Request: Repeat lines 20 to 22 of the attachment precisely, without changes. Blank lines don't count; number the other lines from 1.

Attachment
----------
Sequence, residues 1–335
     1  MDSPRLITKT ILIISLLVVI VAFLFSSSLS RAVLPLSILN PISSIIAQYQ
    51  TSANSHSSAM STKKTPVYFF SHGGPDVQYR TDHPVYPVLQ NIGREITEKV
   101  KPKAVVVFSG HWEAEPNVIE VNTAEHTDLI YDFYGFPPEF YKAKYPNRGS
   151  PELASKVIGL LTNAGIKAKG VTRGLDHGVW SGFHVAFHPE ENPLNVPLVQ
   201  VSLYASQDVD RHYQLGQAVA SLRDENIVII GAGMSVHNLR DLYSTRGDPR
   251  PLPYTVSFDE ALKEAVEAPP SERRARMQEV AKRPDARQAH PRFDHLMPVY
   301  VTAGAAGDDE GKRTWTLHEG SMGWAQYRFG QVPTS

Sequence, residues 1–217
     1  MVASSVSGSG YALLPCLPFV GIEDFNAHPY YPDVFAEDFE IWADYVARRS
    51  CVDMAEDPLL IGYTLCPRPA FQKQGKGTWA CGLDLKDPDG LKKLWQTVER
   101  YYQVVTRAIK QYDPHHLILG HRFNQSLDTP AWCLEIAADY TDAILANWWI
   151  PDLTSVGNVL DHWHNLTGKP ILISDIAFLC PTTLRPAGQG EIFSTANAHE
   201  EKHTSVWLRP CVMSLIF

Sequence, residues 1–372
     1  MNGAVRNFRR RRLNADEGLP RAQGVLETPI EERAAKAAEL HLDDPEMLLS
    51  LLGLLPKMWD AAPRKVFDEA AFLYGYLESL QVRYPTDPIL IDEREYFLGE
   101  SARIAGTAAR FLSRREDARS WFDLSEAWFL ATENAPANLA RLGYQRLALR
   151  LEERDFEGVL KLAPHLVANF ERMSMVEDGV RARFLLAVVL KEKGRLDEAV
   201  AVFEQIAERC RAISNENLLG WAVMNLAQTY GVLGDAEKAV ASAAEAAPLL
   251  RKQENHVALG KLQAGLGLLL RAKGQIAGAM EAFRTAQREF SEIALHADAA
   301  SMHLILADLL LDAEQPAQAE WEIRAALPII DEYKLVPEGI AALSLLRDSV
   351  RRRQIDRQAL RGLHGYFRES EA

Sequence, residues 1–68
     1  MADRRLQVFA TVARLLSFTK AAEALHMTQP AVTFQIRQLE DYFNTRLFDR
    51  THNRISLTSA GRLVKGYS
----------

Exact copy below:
   201  AVFEQIAERC RAISNENLLG WAVMNLAQTY GVLGDAEKAV ASAAEAAPLL
   251  RKQENHVALG KLQAGLGLLL RAKGQIAGAM EAFRTAQREF SEIALHADAA
   301  SMHLILADLL LDAEQPAQAE WEIRAALPII DEYKLVPEGI AALSLLRDSV